Having trouble exposing on Sunny Days?
Shooting primarily beach portraits I hear from clients all the time that they really hope to have a sunny day. Sunny days are the antithesis of what you want as a photographer. The clients squint, there is harsh shadows, hot spots on heads, blown out sky. However that does not mean it is impossible. It's just not ideal.
When shooting for clients our main goal at all times is the subject. You will hear me say this many times. Think about when you had portraits made of your family. You paid more attention to what you and your family look like than the overall image. Clients do not know or understand the whole process, every thing we nitpick in an image. That is why they pay us. They are paying us to present them in wall worthy art, however, when exposing, considering composition, always choose the subject as the main goal.
Let's begin. The short and sweet version is:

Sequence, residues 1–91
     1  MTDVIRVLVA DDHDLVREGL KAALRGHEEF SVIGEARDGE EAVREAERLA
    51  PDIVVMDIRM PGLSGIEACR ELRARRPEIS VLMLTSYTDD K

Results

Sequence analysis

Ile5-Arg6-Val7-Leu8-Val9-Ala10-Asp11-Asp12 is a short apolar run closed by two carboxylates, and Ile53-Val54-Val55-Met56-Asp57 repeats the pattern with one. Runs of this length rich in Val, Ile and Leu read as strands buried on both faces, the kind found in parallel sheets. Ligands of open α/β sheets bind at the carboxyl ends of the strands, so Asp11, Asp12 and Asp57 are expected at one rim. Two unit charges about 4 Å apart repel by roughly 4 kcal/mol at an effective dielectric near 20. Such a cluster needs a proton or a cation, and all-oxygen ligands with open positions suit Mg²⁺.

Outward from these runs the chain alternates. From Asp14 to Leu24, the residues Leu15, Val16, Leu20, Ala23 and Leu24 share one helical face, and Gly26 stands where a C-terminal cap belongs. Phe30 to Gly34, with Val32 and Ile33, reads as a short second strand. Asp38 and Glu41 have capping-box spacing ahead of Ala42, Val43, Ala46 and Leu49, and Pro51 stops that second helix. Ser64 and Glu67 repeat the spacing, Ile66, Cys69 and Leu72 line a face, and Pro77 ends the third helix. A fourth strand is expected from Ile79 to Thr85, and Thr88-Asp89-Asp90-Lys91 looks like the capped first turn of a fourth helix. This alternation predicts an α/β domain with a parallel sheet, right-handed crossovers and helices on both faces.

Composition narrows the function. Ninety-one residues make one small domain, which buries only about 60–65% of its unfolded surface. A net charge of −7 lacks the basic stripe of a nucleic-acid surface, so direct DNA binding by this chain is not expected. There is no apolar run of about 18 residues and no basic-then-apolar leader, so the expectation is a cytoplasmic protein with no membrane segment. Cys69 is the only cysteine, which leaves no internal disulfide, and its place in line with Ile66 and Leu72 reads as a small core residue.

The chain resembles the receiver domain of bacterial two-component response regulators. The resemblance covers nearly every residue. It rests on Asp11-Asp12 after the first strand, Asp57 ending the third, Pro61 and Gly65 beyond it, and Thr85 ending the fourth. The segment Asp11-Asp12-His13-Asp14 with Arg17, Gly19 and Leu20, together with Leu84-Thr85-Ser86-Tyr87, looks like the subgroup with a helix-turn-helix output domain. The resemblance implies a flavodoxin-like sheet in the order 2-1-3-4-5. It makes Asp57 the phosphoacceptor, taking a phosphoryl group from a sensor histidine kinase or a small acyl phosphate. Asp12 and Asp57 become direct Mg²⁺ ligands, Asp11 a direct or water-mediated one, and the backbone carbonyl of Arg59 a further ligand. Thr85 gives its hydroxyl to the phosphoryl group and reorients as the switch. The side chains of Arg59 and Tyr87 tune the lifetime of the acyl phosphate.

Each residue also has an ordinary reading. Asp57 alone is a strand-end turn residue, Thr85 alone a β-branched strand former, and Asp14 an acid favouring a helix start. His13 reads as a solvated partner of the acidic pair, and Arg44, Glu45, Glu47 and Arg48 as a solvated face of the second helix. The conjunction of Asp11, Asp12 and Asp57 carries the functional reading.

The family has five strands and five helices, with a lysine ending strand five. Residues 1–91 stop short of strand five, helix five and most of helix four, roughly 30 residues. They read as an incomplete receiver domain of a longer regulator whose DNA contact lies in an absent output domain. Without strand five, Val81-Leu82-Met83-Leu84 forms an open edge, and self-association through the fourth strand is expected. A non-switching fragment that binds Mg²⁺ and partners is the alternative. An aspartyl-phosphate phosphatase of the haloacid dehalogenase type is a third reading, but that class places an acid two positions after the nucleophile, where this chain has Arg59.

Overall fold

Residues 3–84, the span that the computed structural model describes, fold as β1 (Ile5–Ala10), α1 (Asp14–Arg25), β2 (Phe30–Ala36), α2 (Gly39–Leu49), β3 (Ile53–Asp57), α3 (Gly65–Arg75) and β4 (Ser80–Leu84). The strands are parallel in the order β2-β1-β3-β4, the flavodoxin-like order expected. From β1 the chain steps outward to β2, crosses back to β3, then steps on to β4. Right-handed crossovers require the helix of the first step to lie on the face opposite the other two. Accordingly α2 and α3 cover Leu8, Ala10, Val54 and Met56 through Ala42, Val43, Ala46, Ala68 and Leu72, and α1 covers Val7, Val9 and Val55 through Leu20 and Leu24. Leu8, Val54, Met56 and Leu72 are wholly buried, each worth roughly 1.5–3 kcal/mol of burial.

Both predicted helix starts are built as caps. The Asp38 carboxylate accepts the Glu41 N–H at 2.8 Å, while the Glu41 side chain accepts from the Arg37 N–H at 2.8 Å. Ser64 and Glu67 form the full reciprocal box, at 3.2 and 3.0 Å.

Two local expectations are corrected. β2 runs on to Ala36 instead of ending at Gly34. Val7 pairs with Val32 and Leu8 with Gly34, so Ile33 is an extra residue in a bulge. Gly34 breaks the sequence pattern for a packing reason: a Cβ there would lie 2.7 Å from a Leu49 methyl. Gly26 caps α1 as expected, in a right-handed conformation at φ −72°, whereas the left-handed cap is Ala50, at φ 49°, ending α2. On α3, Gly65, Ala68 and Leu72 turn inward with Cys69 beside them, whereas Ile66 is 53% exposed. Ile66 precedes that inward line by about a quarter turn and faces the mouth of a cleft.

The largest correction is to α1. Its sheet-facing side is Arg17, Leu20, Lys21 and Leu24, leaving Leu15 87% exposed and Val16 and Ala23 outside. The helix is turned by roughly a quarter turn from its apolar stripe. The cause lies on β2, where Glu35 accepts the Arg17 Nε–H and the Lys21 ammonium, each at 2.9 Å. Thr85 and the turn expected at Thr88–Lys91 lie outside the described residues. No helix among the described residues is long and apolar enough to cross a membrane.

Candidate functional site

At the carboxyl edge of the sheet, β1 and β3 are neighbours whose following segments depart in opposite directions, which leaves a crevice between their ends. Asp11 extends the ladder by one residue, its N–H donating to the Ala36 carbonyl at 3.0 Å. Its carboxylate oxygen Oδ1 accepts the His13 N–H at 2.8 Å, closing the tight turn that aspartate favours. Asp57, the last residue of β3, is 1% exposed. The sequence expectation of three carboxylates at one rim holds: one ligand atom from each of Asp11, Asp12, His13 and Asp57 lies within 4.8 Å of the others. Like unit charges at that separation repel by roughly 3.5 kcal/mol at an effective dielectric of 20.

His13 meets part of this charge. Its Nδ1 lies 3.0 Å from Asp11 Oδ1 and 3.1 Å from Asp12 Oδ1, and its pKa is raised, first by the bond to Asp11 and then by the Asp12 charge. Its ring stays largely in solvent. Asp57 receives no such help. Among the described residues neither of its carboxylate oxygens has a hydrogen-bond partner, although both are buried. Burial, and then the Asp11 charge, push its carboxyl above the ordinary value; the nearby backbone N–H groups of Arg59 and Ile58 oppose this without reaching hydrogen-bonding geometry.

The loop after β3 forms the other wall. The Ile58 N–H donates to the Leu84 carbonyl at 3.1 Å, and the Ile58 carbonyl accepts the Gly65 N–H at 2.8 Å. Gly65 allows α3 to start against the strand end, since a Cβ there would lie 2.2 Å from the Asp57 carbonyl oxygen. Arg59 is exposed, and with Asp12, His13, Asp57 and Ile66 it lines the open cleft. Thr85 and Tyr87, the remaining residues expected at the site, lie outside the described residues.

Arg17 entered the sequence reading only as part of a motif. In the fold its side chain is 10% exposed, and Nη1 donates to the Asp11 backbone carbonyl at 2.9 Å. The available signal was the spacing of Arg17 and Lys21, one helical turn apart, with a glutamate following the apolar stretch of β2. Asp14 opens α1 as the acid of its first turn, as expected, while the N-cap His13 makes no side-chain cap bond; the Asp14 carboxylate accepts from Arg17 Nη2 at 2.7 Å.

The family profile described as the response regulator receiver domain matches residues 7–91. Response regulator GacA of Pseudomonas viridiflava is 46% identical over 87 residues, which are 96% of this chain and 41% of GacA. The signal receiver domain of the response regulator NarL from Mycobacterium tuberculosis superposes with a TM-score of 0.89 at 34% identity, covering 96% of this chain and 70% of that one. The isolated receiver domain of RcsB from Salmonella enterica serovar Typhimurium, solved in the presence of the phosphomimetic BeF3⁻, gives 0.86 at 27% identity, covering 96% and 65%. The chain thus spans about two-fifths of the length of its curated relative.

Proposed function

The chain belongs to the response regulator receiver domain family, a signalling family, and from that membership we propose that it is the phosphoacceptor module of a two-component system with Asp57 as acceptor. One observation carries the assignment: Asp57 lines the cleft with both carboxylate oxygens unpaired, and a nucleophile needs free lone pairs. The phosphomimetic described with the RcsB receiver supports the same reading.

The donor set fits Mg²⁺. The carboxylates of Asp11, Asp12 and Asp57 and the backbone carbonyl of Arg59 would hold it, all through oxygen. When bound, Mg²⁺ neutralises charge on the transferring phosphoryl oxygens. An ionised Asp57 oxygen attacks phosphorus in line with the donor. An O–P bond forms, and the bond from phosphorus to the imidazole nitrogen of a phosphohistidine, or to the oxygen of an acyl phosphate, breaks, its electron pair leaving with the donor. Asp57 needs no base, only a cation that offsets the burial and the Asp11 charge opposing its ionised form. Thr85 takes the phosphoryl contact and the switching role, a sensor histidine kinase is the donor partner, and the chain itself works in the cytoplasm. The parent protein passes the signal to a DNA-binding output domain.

Portraiture Rule 101: Put your subject in even lighting.
Portraiture Rule 102: Expose for the subject
When the sun is out and bright, you want to use *backlight. This way your subject isn't squinting and there aren't as many harsh shadows which oddly enough makes the image look flat. Turn your subject around with the light source behind them. They may be in shadow BUT they are in even light and probably have a beautiful hair light. With your subjects (Ok, executive decision, our subject will henceforth be known as Jane.) So, with Jane's back to the sun we have to compensate for the suns power by over exposing the image. This puts Jane in even, exposed light. It also blows out the sky but IT'S OK. It is. There are options available to you but the easiest would be to counter the white sky with composition. I always set my sessions at the time of day just right for me. If it happens to be brighter than normal I will begin with close ups. This gives beautiful headshots, hair light and the white background does not compete with Jane. You can do this with families as well, have the adults hold the children for close ups. If it can't be helped and you cannot avoid shooting farther away use it as a component of composition. Make it work for you instead of trying to fight it.
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